Kottada, RS and Chokshi, AH (2000) The High Temperature Tensile and Compressive Deformation Characteristics of Magnesia Doped Alumina. In: Acta Materialia, 48 (15). pp. 3905-3915.
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The mechanical characteristics of alumina have not yet been characterized completely in tension due in part to strain hardening accompanying grain growth and premature cavitation failure. Tensile tests were conducted on fine grained magnesia doped alumina over a range of strain rates, grain sizes and temperatures to evaluate the stress exponent, inverse grain size exponent and activation energy. Constant stress compression creep tests were also carried out under a similar range of experimental conditions. Extensive microstructural characterization after deformation indicated that there was considerable grain growth during deformation; however, the grains retained their initially equiaxed structure after significant deformation. Although a standard plot of strain rate versus stress indicated a stress exponent of ~2, a complete analysis including the compensation of data for concurrent grain growth revealed that true stress exponent was ~1, consistent with diffusion creep. It is argued that grain rearrangement processes accompanying grain growth will tend to mask the development of an elongated grain structure predicted by diffusion creep processes. In contrast to several ceramics with a significant amount of glassy phase, there is no significant difference between the elevated temperature tensile and compressive behavior of alumina.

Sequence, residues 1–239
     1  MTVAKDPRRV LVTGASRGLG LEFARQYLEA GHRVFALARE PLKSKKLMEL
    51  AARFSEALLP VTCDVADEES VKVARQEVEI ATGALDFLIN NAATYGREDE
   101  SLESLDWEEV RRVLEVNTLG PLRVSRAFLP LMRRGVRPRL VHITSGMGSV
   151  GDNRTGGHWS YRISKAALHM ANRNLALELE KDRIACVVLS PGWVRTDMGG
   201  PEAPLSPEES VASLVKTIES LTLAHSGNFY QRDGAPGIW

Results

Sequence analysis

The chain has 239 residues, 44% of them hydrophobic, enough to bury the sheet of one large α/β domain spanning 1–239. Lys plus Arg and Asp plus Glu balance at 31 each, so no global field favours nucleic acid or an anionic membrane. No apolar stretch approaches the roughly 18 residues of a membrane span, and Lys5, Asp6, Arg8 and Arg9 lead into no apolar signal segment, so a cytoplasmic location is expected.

|Item Type:||Journal Article|
|Additional Information:||Copyright of this article belongs to Elsevier.|
|Keywords:||Mechanical properties;Creep;High temperature;Diffusion; Superplasticity;Grain growth|
|Department/Centre:||Division of Mechanical Sciences > Materials Engineering (formerly Metallurgy)|
|Date Deposited:||30 Jun 2006|
|Last Modified:||19 Sep 2010 04:29|
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